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The Movie Guy: The Imposter and The Factory

By   /   April 4, 2013  /   Comments

The Imposter (Now on Netflix…)

A few notes about not feeling well, when you’ve got the local crud going around you can find yourself renting or watching more movies (I touched on this briefly last week…) and sometimes the movie watching experience can be good and sometimes it can be just god-awful. Thankfully ‘The Imposter’ turned out to be one of the better experiences.

When I first saw a preview for ‘The Imposter’ I’d read that it was based on a 1994 missing children’s case (Nicholas Barclay) and I thought that like most of the time Hollywood was going to make up a story that loosely revolves around what actually happened, sort of like ‘Without a trace’ did with the Etan Patz story back in the 80’s, what I found instead was a gripping interview of the people involved in the case. The only time there were actors involved in this movie is when they did a flash back to something and it was seamless enough that it took me a second to catch on to the fact that those were actors.

Thirteen year old Nicholas Barclay goes missing after having gone off to play basketball, the San Antonio authorities look for him to no avail and eventually three years pass without a track of him being found. Suddenly he ‘is found’ in Spain and when he is returned to his older sister who comes to pick him up he’s a very different boy. He tells stories about being horribly abused and tortured as well as being beaten if he spoke English and being made to speak on Spanish. What eventually comes out, after they get him home, after he rejoins his life and begins to attend high school and see a local girl, is that this isn’t now sixteen year old Nicholas Barclay, but is fact twenty-three year old Frederic Bourdin a confidence man. There is no resemblance between the two of them and you’re left wondering how the family could fall for something like this when you see the photos side by side with one another. But Bourdin, a sick ghoul of a man isn’t leaving the States without first trying to make himself famous and throws out all sorts of accusations before we reach the end.

This is a gripping tale and one that sadly has no end, the only explanation you ever get from the family as to why or how they could fall for this deception is the same as you would get from anyone in this situation. They wanted Nicholas back so badly, that they believed what they were told.

5 stars out of 5, this was one helluva ride!

The Factory (Now on Netflix…)

                This is a movie that doesn’t quite know what it wants to be when it grows up. It starts off as a movie about serial killers and the cops that chase them and then turns into some sort of movie about an illegal baby mill that the serial killer puts together in the basement of his own home. John Cusack plays the detective hunting this serial killer who seems to be killing prostitutes, only to take them captive for his basement-o-love…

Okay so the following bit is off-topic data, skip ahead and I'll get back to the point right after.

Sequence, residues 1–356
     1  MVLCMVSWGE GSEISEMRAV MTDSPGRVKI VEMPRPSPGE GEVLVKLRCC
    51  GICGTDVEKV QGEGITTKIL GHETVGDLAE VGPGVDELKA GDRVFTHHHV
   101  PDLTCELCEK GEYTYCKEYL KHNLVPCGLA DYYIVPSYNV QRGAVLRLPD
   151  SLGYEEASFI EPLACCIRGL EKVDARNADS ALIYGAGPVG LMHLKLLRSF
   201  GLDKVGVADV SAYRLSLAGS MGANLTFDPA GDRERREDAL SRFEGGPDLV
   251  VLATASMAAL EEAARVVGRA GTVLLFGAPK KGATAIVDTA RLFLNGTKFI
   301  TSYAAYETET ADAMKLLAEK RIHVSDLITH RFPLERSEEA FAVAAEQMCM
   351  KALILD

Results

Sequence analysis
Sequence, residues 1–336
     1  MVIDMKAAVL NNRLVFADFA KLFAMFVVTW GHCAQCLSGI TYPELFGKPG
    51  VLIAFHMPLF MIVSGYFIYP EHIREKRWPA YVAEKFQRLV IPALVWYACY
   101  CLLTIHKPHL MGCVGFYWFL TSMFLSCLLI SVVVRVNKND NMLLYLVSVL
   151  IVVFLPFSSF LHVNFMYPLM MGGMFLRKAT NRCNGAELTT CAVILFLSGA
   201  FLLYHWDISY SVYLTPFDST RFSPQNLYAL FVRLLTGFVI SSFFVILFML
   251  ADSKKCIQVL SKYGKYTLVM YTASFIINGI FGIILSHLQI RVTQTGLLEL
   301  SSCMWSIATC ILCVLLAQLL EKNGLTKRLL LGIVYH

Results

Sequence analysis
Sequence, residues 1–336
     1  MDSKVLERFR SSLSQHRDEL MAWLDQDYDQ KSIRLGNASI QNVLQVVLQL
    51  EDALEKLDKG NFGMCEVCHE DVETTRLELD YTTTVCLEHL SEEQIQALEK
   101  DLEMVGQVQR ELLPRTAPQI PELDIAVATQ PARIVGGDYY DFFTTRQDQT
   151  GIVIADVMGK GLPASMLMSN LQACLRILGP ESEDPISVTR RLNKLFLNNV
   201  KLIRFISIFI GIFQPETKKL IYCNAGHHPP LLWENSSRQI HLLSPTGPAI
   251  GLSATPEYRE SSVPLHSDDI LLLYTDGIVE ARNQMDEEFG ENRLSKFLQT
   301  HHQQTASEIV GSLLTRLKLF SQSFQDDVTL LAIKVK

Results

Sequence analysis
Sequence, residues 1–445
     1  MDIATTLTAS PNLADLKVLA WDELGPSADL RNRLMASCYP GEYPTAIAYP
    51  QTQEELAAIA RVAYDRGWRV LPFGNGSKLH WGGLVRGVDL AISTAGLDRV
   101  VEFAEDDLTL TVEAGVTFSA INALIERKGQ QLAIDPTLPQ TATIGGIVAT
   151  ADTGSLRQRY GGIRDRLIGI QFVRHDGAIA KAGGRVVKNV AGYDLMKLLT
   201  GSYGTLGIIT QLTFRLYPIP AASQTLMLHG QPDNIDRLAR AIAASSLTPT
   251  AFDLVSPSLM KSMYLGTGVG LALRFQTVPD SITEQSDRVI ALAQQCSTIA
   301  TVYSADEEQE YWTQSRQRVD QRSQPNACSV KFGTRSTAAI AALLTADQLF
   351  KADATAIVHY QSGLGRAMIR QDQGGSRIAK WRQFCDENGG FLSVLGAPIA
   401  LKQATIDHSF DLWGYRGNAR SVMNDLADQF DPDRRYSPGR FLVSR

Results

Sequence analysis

The problems I had with this movie are numerous and here are a few: If you’re going to make a movie about serial killers killing prostitutes (of which there are many such films made…) at least stick with your guns and make that movie. Don’t muddy the waters with some storyline about baby mills. Secondly, if you’re going to get into a gritty, faux-noir hard-boiled detective movie about such things, you might want to actually hirer an actor that looks like he can pull that sort of role off. John Cusack is as scary and as threatening as my grandmother was, that is to say that while he can appear upset, disturbed or down-right angry, threatening and tough are outside of his abilities as an actor. He played Lloyd Dobler in ‘Say anything’ and Denny Lachance in ‘Stand by me’, Michael Madsen from Kill Bill would have been perfect for this part.

1 Star out of 5, and The (Baby) Factory…really?

The Marvel Cinematic Universe Phase One boxed set (Now in your local retailers or on Amazon…)

                This boxed set comes in a stylishly designed faux-briefcase looking case that lights up, contains all sorts of nifty replicas of various things from the different Marvel Comics movies as well as containing the Blue-ray (and blue-ray 3d versions of…) Ironman, Ironman 2, The Incredible Hulk, Thor, Captain America: The First Avenger and finally the Avengers.

This thing is a 10 disk carrying monster of a purchase, my strong suggestion would be to purchase this thing with the intention of keeping it out of harm’s way and not give it to a child who would absolutely love the glowing cube and briefcase, but rather keep it as a unique and interesting piece of cinematic history.

3 stars out of 5, Avengers assembled!

 

 

Keith Kilburn and his wife, Dawn, live in Leesburg with two cats and dog named Godzilla. He’s written for Herorealm.com before they were bought out by corporate interests and has written a novel that he’s working on publishing. It’s rumored that he’s seen more movies than Blockbuster rents in a year and knows more about comic books than Stan Lee himself!

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